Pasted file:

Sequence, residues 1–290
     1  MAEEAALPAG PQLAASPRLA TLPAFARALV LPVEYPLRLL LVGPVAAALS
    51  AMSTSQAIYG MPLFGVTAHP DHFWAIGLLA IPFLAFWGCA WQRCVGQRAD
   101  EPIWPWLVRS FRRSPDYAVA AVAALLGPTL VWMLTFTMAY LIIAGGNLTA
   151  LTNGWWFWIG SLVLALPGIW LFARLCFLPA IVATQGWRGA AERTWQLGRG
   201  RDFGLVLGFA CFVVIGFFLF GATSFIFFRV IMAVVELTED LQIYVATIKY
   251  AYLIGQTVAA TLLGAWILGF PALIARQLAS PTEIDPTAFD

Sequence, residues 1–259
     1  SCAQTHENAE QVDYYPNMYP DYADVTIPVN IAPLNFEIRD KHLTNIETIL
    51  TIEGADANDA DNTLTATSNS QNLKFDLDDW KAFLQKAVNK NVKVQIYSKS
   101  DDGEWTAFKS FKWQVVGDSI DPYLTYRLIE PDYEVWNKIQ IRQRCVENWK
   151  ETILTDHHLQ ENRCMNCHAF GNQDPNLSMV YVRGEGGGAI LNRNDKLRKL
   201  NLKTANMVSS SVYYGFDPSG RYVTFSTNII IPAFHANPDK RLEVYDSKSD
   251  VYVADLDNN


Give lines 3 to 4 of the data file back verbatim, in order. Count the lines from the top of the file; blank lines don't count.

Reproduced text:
    51  AMSTSQAIYG MPLFGVTAHP DHFWAIGLLA IPFLAFWGCA WQRCVGQRAD
   101  EPIWPWLVRS FRRSPDYAVA AVAALLGPTL VWMLTFTMAY LIIAGGNLTA